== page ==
THE THRESHOLD: Poems, by Iman Mersal. Translated by Robyn Creswell. (Farrar, Straus & Giroux, $26.) Since her debut collection in 1995, Mersal has established herself as one of Egypt’s top poets; this selection, drawn from her first four books and nimbly translated from the Arabic, showcases the sweet, tough verve of her voice.
THE SYMMETRY OF FISH, by Su Cho. (Penguin Books, paperback, $18.) This book, Cho’s first, draws on her immigrant experience, with nods to folklore and Korean calligraphy sprinkled throughout. But the presiding spirit is impish, as in “Ode to Wanting to Run Over Other People’s Children in the Church Parking Lot.”
DRAW ME AFTER: Poems, by Peter Cole. (Farrar, Straus & Giroux, $26.) Cole, who won a MacArthur grant in 2007 in part for his translations of Middle Eastern poets, here delves into the nuances of the Hebrew alphabet and the link between art and language, often with giddy wordplay: “Rhyme’s a rhizome.”
THE WORLD KEEPS ENDING, AND THE WORLD GOES ON, by Franny Choi. (Ecco, $25.99.) As its title suggests, Choi’s third book is concerned simultaneously with apocalypse and survival. “I know I should want to be torn open/by the failures of hope,” she writes in one poem, “but here’s what I want:/a tight circle around everyone I love.”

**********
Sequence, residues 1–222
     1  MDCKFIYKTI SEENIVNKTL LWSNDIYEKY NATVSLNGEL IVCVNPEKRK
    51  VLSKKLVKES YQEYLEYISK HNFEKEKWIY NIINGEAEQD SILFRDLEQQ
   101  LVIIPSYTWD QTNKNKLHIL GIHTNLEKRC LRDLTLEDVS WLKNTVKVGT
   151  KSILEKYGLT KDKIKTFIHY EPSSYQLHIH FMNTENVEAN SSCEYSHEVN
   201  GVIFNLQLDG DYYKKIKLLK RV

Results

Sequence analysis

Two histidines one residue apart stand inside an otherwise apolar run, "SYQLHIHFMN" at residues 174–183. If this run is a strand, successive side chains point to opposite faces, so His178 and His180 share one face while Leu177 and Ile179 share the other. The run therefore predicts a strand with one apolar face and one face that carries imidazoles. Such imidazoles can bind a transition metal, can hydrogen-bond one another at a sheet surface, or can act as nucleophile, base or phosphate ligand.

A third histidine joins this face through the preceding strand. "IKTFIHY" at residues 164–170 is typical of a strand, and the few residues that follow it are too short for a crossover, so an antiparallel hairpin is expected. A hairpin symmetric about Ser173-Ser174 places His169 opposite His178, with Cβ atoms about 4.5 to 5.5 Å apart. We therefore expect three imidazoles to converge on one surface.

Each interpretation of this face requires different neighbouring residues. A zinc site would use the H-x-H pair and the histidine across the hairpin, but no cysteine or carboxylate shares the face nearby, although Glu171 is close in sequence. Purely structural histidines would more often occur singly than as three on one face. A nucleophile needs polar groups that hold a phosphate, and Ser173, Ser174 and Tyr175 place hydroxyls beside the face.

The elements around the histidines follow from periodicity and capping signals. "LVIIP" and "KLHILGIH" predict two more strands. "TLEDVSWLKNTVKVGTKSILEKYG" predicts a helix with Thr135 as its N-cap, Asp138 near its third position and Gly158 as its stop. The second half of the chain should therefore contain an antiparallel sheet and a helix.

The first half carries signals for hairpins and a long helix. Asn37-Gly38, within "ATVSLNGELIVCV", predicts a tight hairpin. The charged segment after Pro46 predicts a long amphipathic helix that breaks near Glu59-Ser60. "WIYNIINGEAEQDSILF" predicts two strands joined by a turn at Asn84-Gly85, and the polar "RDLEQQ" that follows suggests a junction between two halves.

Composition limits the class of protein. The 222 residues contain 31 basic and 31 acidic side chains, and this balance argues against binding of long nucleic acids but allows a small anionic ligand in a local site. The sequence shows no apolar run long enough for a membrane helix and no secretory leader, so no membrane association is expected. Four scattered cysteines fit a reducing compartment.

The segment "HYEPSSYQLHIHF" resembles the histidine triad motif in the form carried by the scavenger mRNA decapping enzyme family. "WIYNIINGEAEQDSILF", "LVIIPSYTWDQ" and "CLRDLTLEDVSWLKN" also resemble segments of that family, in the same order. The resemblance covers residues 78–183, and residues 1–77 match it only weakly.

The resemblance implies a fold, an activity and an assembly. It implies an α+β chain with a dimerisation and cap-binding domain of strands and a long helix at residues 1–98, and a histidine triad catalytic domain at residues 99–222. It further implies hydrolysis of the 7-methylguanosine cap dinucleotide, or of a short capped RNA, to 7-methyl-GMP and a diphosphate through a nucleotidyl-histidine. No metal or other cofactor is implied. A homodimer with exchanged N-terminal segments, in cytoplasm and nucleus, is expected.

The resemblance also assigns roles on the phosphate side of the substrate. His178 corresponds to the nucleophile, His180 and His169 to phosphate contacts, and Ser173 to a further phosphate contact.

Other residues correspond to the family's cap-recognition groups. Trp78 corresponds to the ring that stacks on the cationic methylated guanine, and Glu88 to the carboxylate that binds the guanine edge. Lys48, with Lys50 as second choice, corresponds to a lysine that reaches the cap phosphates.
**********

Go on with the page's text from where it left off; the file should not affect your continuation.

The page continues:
A QUIET LIFE, by Ethan Joella. (Scribner, $27.) Community and grief are at the center of this tender novel in which three residents of a tightly knit Pennsylvania suburb are each grappling with losing loved ones when their lives begin to converge in unexpected ways.
COMPLICIT: How We Enable the Unethical and How to Stop, by Max H. Bazerman. (Princeton University, $27.95.) A Harvard Business School professor outlines seven behavioral profiles that can lead to complicity in harm and offers strategies to avoid enabling wrongdoing.
JERSEY BREAKS: Becoming an American Poet, by Robert Pinsky. (Norton, $26.95.) This evocative memoir traces Pinsky’s formative experiences and relationships, from growing up in a run-down town on the Jersey Shore to becoming the poet laureate of the United States.
ROAR: American Master: The Oral Biography of Roger Orr, by Bruce Wagner. (Arcade, $26.99.) The fictional life of Roger Orr, a prolific writer, director, doctor, philosopher and lover, is told through the voices of those he has influenced — from Andy Warhol to Amanda Gorman — over the course of 78 years.